The Catecholamines in Psychiatric and Neurologic Disorders

The Catecholamines in Psychiatric and Neurologic Disorders

1st Edition - March 15, 1985

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  • Editors: C. Raymond Lake, Michael G. Ziegler
  • eBook ISBN: 9781483163123

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Description

The Catecholamines in Psychiatric and Neurologic Disorders focuses on the contributions of catecholamines (CA) in the modulation of blood pressure, stress and exercise, body movements, memory, learning, emotions, thought processing, appetite, and mediation of psychotropic drug action. The selection first elaborates on the techniques for the assessment and interpretation of catecholamine measurements in neuropsychiatric patients and catecholaminergic response to stress and exercise. Discussions focus on noradrenergic response to isometric exercise, isotonic exercise, effect of acceleration on sympathetic activity, techniques for sympathetic nervous system evaluation, and measurements of CA and their metabolites in cerebrospinal fluid. The text then takes a look at urinary CA in behavioral research on stress; CA in anxiety disorders and mitral valve prolapse; and interaction with neurotransmitters in normal subjects and in patients with selected neurologic diseases. The selection examines noradrenergic responses in postural hypotension, norepinephrine, alcohol, and alcoholism, and catecholamine metabolism in anorexia nervosa. Topics include cerebral catecholamine metabolism in anorexia nervosa; central nervous system norepinephrine and voluntary alcohol drinking; and overview of norepinephrine in selected pediatric disorders. The book is a dependable reference for neuropsychiatrists and readers interested in the contributions of catecholamines on psychiatric disorders.

Table of Contents


  • Contributing Authors

    Foreword

    Preface

    1. Techniques for the Assessment and Interpretation of Catecholamine Measurements in Neuropsychiatric Patients

    Catecholamine Assay Techniques

    Techniques for Sympathetic Nervous System Evaluation

    Conjugated Catecholamines

    The Neurologic Basis for Changes in Plasma Catecholamines

    Measurements of Catecholamines and Their Metabolites in Cerebrospinal Fluid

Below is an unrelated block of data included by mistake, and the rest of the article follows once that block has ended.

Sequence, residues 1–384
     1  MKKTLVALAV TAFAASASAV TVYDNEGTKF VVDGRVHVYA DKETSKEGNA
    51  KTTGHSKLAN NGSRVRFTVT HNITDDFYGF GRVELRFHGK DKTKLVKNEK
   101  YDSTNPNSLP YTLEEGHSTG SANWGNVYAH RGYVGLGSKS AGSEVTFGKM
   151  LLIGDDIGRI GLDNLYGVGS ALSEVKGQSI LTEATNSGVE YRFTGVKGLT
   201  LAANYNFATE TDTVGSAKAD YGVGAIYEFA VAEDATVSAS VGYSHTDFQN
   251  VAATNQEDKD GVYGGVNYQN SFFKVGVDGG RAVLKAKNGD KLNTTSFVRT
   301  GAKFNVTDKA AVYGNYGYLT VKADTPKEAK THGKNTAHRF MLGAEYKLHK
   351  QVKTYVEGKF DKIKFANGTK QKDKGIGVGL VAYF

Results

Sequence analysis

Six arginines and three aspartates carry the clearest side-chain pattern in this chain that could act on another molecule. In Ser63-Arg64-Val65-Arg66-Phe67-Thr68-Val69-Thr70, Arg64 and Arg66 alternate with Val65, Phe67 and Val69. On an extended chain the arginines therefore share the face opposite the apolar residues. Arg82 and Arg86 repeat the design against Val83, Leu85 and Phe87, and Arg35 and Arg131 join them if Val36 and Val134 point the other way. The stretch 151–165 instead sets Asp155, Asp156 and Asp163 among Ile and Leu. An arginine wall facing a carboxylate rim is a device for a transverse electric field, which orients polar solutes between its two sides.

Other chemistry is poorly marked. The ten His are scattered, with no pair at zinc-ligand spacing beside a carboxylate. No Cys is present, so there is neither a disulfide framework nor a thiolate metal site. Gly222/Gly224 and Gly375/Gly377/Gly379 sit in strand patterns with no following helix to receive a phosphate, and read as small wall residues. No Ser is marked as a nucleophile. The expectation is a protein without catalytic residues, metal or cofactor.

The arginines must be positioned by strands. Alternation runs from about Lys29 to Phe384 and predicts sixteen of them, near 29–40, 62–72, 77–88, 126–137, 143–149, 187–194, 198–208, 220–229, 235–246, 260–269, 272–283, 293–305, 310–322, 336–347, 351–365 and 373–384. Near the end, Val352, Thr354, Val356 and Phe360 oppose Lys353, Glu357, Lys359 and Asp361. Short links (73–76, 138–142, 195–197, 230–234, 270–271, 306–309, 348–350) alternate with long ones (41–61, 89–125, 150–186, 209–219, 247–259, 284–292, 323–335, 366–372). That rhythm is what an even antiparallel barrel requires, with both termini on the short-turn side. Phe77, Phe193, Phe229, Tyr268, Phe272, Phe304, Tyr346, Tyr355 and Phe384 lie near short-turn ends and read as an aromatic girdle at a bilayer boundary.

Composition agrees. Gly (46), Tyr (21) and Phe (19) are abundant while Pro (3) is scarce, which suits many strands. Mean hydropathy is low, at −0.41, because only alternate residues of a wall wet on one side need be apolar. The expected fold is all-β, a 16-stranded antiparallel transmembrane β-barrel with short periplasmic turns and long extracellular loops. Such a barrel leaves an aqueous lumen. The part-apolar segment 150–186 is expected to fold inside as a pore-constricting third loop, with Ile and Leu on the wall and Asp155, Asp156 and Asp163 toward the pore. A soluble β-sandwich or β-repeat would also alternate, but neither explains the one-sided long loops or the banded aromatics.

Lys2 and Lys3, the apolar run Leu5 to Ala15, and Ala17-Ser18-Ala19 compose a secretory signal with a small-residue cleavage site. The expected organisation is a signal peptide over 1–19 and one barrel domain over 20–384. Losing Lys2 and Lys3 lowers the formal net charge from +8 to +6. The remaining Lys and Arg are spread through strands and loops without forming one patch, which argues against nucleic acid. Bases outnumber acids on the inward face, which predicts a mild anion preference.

Cerebrospinal Fluid Catecholamines in Some Neuropsychiatric Diseases

    I. Stress

    2. The Catecholaminergic Response to Stress and Exercise

    Age and Sympathetic Activity

    Blood Sampling

    Effect of Acceleration on Sympathetic Activity

    Sympathetic Response to Acceleration Greater than 1G

    The Noradrenergic Response to Isometric Exercise

    Isotonic Exercise

    Conclusions

    3. Urinary Catecholamines in Behavioral Research on Stress

    Relationship Between Epinephrine and Norepinephrine

    Methodologic Aspects of Catecholamine Assessment

    Consistency in Catecholamine Excretion

    Factors Affecting Catecholamine Excretion

    Catecholamines and Health

    Clinical Application

    Conclusions

    II. Neuropsychiatric Disorders

    4. Catecholamines in Anxiety Disorders and Mitral Valve Prolapse

    Catecholamines in Anxiety Disorders

    Mitral Valve Prolapse

    Conclusions

    5. Central Catecholamine Systems: Interaction with Neurotransmitters in Normal Subjects and in Patients with Selected Neurologic Diseases

    Neurotransmitters Related to Norepinephrine in the Basal Ganglia

    Epinephrine Systems

    Dopamine Systems

    Interaction of Dopamine and Norepinephrine

    Striatonigral Pathways

    Serotonin Cells

    Peptide Neurons

    Neurochemical Changes in Clinical Conditions

    Conclusions

    6. Noradrenergic Responses in Postural Hypotension: Implications for Therapy

    Mechanisms of Postural Blood Pressure Maintenance

    Diagnosis of the Systemic Defect Causing Postural Hypotension

    Postural Hypotension in Diabetics

    Therapy of Postural Hypotension

    Approach to the Patient with Postural Hypotension

    7. Norepinephrine, Alcohol, and Alcoholism

    Effects of Alcohol on Brain Norepinephrine

    Human Studies

    Central Nervous System Norepinephrine and Voluntary Alcohol Drinking

    Conclusions

    8. Catecholamine Metabolism in Anorexia Nervosa

    Peripheral Catecholamine Metabolism in Anorexia Nervosa

    Cerebral Catecholamine Metabolism in Anorexia Nervosa

    Conclusions

    III. Pediatric Disorders and the Catecholamines